Copyright registration in Denmark. Denmark, officially the Kingdom of Denmark, is a Nordic country in Northern Europe. Denmark ranks highly in some metrics of national performance, including education, health care, protection of civil liberties, democratic governance, and LGBT equality. Denmark is a founding member of NATO, the Nordic Council, the OECD, OSCE, and the United Nations; it is also part of the Schengen Area. Denmark maintains close political, cultural, and linguistic ties with its Scandinavian neighbors, with the Danish language being partially mutually intelligible with both Norwegian and Swedish. Accordingly, many businesses want to enter this market and one of the most important preparations a business needs to take before expanding to this country is to learn the procedure of copyright registration in Denmark.
Copyright in Denmark
Unlike other intellectual property rights such as trademarks, patents, industrial designs, plant varieties, etc., copyright does not need to be registered for protection but will be automatically protected from the time the works are created.
The creation must be visible in a certain material form, like content, quality, form, medium, language, published or unpublished, registered or unregistered.
Accordingly, whether registered or not, the copyright to the work will still be protected. However, copyright registration is still advised because early registration will give the author/owner of the work many advantages in the event of a dispute.
When unauthorized use of work occurs around the world, the owner of a work who has registered copyright in advance will not have to waste time and complicate matters with proving himself/herself to be the legitimate owner of the work.
Thereby, in order to avoid passivity, the owner of the work should make a copyright registration to protect their rights and interests when there is an infringement.
Copyright registration in Denmark
Denmark is a member country of The Berne Convention for Copyright since 1903.
The Berne Convention for the Protection of Literary and Artistic Works (the Berne Convention) is an international agreement governing copyright. The agreement was first accepted in Berne, Switzerland, in 1886.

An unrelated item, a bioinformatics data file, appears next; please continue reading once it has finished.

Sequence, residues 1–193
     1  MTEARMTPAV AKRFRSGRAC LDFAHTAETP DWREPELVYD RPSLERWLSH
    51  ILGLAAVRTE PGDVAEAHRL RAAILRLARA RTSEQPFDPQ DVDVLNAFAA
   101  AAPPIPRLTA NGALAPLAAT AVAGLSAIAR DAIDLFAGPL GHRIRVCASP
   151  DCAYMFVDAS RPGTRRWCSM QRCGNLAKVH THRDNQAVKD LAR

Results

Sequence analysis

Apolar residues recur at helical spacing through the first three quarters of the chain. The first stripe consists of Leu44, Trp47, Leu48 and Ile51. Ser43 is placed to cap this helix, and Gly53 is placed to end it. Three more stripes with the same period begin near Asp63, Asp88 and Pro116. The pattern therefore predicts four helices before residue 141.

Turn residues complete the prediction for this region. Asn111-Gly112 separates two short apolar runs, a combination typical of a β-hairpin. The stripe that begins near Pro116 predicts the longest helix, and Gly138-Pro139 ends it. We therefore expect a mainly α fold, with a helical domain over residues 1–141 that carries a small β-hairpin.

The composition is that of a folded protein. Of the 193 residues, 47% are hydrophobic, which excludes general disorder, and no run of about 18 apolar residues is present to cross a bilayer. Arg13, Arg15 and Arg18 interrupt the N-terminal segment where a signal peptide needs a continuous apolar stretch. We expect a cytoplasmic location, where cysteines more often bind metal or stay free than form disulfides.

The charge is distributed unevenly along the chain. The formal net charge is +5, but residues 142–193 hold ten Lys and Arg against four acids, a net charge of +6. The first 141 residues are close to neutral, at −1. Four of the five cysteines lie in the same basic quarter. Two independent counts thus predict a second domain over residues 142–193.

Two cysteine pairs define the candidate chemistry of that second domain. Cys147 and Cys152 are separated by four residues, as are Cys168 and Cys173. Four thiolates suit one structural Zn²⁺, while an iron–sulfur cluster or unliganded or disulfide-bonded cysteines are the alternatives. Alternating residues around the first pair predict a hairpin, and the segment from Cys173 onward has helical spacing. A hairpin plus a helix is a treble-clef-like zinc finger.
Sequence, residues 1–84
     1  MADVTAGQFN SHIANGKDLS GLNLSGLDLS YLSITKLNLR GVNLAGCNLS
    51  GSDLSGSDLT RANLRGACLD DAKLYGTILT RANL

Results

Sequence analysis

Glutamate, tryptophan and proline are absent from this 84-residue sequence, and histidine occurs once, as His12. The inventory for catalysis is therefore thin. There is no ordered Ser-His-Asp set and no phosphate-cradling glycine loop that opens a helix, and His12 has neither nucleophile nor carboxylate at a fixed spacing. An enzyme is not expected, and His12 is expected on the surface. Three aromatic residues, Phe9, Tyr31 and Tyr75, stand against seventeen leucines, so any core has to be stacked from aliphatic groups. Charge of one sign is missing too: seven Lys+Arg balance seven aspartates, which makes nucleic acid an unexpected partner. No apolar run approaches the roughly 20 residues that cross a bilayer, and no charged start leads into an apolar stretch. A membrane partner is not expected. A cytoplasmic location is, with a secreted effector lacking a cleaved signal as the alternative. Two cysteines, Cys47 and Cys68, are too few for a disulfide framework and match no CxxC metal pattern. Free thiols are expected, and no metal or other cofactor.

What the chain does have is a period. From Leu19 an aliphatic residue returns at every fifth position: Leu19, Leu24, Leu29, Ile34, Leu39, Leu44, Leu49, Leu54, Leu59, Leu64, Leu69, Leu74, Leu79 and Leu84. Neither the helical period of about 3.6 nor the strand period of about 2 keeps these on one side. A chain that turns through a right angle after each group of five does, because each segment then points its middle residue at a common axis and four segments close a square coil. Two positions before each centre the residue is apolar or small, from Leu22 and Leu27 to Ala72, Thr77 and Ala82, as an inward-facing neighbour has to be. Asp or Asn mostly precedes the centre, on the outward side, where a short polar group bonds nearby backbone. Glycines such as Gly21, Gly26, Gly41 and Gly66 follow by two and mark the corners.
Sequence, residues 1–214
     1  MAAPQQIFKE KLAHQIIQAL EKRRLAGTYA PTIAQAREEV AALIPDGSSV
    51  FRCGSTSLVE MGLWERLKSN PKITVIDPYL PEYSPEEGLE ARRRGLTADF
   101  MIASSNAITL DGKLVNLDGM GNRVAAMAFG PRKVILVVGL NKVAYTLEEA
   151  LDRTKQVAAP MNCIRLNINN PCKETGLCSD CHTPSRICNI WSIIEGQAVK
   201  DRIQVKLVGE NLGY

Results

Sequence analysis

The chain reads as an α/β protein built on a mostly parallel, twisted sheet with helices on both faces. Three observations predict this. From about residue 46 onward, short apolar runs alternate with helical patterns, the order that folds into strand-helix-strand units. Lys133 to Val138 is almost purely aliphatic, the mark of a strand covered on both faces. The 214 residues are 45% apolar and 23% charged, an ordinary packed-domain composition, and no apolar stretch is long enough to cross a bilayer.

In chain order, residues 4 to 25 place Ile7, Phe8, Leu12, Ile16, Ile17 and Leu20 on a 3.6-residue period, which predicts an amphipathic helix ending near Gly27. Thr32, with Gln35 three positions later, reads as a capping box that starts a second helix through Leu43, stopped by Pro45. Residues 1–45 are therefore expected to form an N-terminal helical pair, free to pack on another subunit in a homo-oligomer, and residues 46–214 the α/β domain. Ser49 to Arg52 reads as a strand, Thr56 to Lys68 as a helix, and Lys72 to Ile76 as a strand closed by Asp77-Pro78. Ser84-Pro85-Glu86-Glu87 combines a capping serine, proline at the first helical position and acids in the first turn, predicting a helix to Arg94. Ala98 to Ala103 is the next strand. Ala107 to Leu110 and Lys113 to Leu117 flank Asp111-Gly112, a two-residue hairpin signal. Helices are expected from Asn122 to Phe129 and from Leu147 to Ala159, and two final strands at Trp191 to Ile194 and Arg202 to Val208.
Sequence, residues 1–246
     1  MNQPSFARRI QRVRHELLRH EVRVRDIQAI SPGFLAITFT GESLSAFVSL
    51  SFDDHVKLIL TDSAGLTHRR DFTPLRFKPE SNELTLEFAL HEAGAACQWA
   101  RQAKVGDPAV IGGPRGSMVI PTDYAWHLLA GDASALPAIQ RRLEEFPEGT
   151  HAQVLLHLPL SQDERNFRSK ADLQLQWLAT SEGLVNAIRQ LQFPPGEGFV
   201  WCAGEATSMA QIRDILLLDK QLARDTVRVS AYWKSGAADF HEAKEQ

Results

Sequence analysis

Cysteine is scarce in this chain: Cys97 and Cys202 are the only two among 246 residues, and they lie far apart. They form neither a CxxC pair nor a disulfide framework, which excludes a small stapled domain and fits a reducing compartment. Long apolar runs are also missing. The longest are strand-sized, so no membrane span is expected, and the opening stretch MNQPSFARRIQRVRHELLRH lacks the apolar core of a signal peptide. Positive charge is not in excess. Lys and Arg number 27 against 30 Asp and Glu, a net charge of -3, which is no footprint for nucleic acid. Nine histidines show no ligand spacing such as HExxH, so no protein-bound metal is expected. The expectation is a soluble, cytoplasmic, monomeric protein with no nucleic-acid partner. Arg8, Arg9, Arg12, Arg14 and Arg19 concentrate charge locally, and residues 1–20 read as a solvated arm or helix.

As Denmark is a contracting party of the Berne Convention, any work originating in Denmark will be given the same copyright protection in each of the Berne Convention member countries. The original from Denmark can be that the work is made and published for the first time in this country or if the author of the work is of Denmark ethnicity.
While in most countries, copyright protection is automatic as soon as the work existed in material form, copyright registration in Denmark is critical in order for the copyright owner to obtain evidence of copyright.
Evidence of copyright is extremely important even when copyright is obtained automatically.
When registering, the creation gets a date and a time stamp recorded, as well as information about the creation and proof of creative concept and development. This provides unambiguous proof of authorship and ownership that can’t be denied.
Proof of copyright is essential in an age when the publishing, dissemination, and theft of material is extremely easy with the exposure of the Internet.
If copyright registration is not made, copyright owners will lose a significant big amount of money and time attempting to fight copyright issues and prove ownership of the original work.
If the copyright owner has already registered for copyright protection to the IP office, they would have a strong legal foundation which would increase their chance of winning against the violating parties.
Documents for copyright registration in Denmark
To obtain copyright registration in Denmark, the author of the work needs to prepare the following documents:
- Declaration of copyright registration in Denmark;
- Two copies of copyrighted work;
- Documents proving the right to apply;
- Written consent of co-authors, if the work has co-authors;
- Written consent of the co-owners, if the copyright is jointly owned;
- Notarized identity card of the author or owner of the work;
- Power of Attorney, if the applicant is an authorized person;
- Notarized copy of the company’s business registration certificate (if the owner is a company).
You can find a list of Denmark IP firms here.